Yesterday something awesome happened. The space shuttle Endeavor was being transported from the Kennedy Space Center in Florida to its new home in Los Angeles, and it stopped here in Houston for refueling. And it flew right over my house! It was incredible. I felt a little giddy and giggly about it for hours afterwards. I love NASA, and always have. The idea of exploring the galaxy and learning about the universe around us fascinates me, and the creativity and resourcefulness of the scientists and astronauts of the National Aeronautics and Space Administration has always been inspiring. It makes me feel like a kid again.
Not that feeling like a kid has ever been particularly difficult for me. Given almost any excuse I am ready for an adventure and to throw off responsibility and take the world by storm. One of the comments I get most often about my preschool is from parents who tell me, “[Child] is always so excited to come to your preschool. He wasn’t like this with [former preschool].” That’s gratifying to hear and I love it, and I think the reason is twofold. One, I have a theater degree and no shame so I will be as entertaining as possible, arms flailing and feet kicking while I sing goofy songs to teach them about everything. Two, I like to have fun and pretend to be a kid with them whenever I can.
Here’s a secret. I take my preschool advanced class on a field trip once a month. We go a different place each time, and everything we learn about for the weeks leading up to the field trip is related to the subject. For example, before we went to the Mercer Arboretum we talked about photosynthesis in science, counted leaves and petals in math, practiced writing the words “flower,” “dirt,” and “sunlight” in our handwriting, and read stories about plants and growing, so even though we were covering all our topics, they were all related. So when we went to the gardens and walked around, we had a great time.
But that isn’t the secret. My mother thinks I’m crazy for doing a field trip once a month. Even the parents are pretty surprised. I love my parent volunteers who come along with me and help out, they are invaluable. People ask me why I do something that’s such an extra and requires so much more work. The secret is I do the field trips because they are my favorite part of preschool.
I love taking the kids out into the world and being able to show it to them. It’s good for them and good for me, because it gives me that chance to see it again through their eyes. We run and play, make jokes and sing songs. The world to them is new, huge, and incredible. It refreshes me to be out in it with them. We go to farms and museums, parks and playgrounds, and once a year we drive down to the Johnson Space Center and tour NASA. That’s my favorite trip of the year. It’s a long drive for the kids, it’s almost an hour and a half, but it’s so worth it. If you live in the area and haven’t gone, you must go. If you don’t live near either the Johnson or the Kennedy Space Centers, go on vacation and see it. NASA is a piece of America unlike any other, because it transcends our entire planet. Give into the magic and the wonder, like your kids do.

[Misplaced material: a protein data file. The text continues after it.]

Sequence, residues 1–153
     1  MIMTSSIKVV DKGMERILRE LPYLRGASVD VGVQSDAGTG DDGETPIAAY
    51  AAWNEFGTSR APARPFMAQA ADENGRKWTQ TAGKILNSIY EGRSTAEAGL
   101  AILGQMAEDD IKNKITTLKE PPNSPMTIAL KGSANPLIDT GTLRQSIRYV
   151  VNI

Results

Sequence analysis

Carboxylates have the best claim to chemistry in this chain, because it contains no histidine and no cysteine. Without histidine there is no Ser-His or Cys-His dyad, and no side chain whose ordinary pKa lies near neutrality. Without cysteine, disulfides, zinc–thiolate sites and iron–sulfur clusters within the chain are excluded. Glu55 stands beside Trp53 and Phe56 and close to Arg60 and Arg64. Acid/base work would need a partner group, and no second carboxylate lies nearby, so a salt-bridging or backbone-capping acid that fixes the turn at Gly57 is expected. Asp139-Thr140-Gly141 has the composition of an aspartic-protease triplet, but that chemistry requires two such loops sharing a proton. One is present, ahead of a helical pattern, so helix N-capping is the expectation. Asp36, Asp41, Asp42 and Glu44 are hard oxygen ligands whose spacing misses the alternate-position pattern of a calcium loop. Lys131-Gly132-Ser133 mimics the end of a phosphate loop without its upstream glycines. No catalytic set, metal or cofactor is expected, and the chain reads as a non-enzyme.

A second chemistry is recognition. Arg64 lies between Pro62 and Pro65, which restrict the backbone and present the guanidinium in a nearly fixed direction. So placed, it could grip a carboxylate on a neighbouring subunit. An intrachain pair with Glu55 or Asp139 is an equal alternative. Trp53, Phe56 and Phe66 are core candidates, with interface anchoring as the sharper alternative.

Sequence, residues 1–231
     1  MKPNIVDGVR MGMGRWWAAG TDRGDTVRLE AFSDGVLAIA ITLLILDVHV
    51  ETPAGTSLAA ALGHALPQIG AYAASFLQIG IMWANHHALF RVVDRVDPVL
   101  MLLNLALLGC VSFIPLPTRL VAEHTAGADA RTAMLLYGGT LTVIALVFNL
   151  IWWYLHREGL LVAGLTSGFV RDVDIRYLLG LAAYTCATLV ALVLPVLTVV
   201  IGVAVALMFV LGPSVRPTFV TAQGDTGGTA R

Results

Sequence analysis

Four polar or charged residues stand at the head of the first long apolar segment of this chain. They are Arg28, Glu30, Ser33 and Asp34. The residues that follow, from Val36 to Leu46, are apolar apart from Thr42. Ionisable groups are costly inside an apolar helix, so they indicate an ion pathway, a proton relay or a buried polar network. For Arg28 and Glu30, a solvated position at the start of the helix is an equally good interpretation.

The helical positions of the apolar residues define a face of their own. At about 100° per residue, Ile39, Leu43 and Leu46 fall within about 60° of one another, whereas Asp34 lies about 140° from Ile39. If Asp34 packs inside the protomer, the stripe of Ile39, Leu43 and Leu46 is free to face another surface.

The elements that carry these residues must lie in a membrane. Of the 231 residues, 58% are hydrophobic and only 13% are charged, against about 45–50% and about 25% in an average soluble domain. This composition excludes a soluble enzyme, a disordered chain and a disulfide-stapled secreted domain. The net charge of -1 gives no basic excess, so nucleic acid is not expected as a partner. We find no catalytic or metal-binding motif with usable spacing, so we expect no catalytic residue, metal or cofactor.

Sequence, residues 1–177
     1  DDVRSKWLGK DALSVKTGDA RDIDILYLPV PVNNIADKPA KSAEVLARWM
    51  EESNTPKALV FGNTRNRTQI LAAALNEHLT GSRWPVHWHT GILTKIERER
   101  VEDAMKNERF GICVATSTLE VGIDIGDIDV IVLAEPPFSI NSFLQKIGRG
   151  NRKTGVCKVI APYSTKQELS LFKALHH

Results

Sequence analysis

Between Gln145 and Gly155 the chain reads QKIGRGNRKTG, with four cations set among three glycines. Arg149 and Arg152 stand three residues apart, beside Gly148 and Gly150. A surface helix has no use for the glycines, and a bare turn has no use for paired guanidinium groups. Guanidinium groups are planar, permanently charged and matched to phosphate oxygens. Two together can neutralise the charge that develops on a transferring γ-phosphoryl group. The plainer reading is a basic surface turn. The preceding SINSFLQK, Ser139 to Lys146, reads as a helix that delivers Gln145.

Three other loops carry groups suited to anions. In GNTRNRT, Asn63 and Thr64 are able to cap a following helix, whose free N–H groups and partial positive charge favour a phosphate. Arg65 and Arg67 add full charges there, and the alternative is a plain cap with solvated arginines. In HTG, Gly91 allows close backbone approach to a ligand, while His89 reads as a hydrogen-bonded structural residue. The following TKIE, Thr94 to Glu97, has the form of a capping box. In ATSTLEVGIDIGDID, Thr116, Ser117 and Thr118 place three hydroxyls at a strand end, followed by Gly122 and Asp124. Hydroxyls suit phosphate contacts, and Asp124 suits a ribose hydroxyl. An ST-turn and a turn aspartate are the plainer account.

Kids believe. I love them for that. They believe in Santa and the tooth fairy and the Easter bunny, they believe in magic and science all together and that anything is possible. If you stand in front of a preschool or kindergarten class and ask who wants to be a dancer, every hand goes up. Who wants to be an astronaut? Everyone. A doctor, an artist, a writer, a musician, any child believes they can do it 100%. Go in front of a high school class and ask those same questions. Maybe one hand will go up for each. Most of them won’t believe they’ll ever be anything special.
Why? What happened in the interim that destroyed our faith in ourselves and in the possibilities of the universe? It happened to me, wanting to be a writer so badly but waiting decades to even try. What beats us down so harshly? Was it grades? Other kids? Adults trying to be helpful by giving us a dose of “reality”?
I think in many ways being with these preschool kids has helped me believe in myself again. They believe in me. Yesterday I overheard a conversation between a little girl and three little boys. The little boys were pretending to be tigers and the little girl was the tiger tamer.
One of the boys said, “The only thing stronger than tigers are lions.”
“There are no lions in preschool. Miss Angie would put them in time out,” said the girl.
“Not if the lions came to eat us!” said boy number two.
That sweet girl put her hands on her hips and stuck out her chin. “If a lion came to eat us, Miss Angie would eat him! She won’t let anything bad happen in preschool!”
How can you doubt yourself when someone believes you would eat a lion to protect them? Your kids have that kind of faith in you. You can make things better. You can fix it. That kind of belief makes us stronger, and makes us willing to try. And we need to protect that precious and fragile belief for our children as long as we can. I believe, as I have always believed, that we can have, do, or be anything we want as long as we want it badly enough. Want it enough to put in the work. Our belief and our work really can change the world. Our kids know that.
The picture below is of the space shuttle Endeavor flying over downtown Houston. My husband’s co-worker took this picture out their office window. That aircraft has been in space. That fragile piece of equipment was made with human hands and human ingenuity, and it burst out of the atmosphere and escaped the gravity of an entire planet to fly among the stars. If it can because we built it, then why not us? Our kids know the secret. Let them remind you to believe.